Non-face-to-face payments have surged 17 percent on-year since the outbreak of COVID-19, a report released by the central bank on Tuesday showed.
Contactless payments made via electronic devices and other noncash methods inched up by 1.4 percent on-year in the first nine months of this year, the Bank of Korea said in a report.
“Contactless payment transactions have expanded as usage of mobile payments have increased compared with actual credit or debit card payments,” the report showed.
According to the BOK, the value of all daily contactless payment transactions amounted to some 800 billion won ($703.9 million).
Offline electronic payment transactions, however, declined by 5.6 percent in the same period.
Of mobile payment transactions, the use of “simple payment services” -- which allow users to make one- or two-step payments through data saved on mobile phones -- accounted for 39 percent of such transactions in September alone. The corresponding figure stood at 32.4 percent in January 2019 and 35.1 percent in June this year.
Simple payment services operated by fintech groups held 61.5 percent of the market, apparently reflecting local consumers’ growing preference for such apps compared with those developed by traditional institutions. The corresponding figure stood at 52.6 percent in January 2019.
The e-commerce, auto and insurance saw 24.1 percent, 21.9 percent and 14.6 percent more such transactions on-year, respectively, in the January-September period. In contrast, travel, education and culture were hit hardest by the pandemic and shed 66 percent, 16.9 percent and 12.7 percent, respectively, in the same period.
Local fintech firms have been aggressively expanding their business amid the coronavirus pandemic. Naver Pay, a mobile payment service launched by leading Korean web portal Naver, recently expanded its mobile QR code payment services.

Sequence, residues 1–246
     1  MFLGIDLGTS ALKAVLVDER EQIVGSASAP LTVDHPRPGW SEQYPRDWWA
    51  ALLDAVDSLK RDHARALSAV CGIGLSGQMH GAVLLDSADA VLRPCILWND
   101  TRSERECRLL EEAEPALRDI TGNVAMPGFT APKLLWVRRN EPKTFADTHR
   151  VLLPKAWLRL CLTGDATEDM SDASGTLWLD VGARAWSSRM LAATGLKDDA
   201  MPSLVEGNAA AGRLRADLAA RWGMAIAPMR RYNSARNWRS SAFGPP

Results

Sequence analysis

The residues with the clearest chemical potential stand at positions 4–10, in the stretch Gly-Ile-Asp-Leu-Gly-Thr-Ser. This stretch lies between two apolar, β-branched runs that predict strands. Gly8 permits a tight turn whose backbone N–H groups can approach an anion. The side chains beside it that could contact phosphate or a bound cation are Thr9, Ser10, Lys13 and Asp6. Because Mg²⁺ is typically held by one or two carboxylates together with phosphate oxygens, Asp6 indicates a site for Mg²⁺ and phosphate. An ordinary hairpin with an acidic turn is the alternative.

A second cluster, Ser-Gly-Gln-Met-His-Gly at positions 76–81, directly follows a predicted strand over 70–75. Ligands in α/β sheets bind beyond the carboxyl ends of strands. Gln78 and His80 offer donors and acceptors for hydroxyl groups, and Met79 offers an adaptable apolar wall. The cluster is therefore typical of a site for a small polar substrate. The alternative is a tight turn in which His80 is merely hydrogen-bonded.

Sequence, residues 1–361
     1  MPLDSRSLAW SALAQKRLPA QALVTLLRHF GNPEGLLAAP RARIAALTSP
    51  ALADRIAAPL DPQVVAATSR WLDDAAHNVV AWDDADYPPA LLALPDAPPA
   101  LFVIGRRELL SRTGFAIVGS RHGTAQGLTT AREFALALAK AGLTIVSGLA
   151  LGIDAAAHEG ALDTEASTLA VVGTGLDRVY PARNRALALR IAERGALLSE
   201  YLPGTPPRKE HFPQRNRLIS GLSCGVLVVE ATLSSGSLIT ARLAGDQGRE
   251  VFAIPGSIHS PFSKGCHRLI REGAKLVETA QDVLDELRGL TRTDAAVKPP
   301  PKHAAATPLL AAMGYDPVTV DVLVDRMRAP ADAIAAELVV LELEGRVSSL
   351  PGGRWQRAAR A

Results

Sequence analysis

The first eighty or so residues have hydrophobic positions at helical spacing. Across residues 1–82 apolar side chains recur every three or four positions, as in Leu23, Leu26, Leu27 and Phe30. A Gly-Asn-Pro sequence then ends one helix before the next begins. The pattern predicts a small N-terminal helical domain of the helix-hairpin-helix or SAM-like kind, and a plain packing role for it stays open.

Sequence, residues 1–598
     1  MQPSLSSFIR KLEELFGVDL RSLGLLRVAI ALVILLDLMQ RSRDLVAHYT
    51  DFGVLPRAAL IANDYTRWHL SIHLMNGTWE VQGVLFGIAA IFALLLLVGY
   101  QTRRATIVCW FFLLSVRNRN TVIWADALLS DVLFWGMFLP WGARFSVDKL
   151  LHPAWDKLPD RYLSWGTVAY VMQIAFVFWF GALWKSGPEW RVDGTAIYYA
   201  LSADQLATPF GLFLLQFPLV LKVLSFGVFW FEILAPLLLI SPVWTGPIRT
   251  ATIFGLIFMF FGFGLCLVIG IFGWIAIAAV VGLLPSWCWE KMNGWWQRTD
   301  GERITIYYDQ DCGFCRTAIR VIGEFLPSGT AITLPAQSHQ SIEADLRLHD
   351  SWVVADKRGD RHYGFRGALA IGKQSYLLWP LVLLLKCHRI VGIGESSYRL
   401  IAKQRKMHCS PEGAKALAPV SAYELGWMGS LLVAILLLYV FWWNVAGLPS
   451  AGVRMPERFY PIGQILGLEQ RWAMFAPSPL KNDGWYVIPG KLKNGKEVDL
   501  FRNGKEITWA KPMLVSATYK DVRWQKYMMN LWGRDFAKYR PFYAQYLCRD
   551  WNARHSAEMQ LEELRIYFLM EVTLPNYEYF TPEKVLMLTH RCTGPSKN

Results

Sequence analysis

Kakao Pay, the nation’s No. 1 mobile payment service provider, is reportedly seeking an initial public offering in the first half of next year. It is currently the most popular mobile payment service platform here with 34 million users, and the value of its payments totaled 29.1 trillion won in the first half of the year. Kakao Corp. is its largest shareholder, while China’s mobile payment platform operator Alipay is the second-largest with a 43.9 percent stake.
Separate BOK data released in September showed that the value of daily money transfers via mobile payment apps here gained 20.3 percent in the first half of the year, compared with six months earlier.
The coronavirus pandemic first struck Asia’s fourth-largest economy in late January. The country had added 75 more COVID-19 cases as of Tuesday at noon, including 46 locally transmitted infections, raising the total caseload to 26,807, according to the Korea Disease Control and Prevention Agency.
By Jung Min-kyung (firstname.lastname@example.org)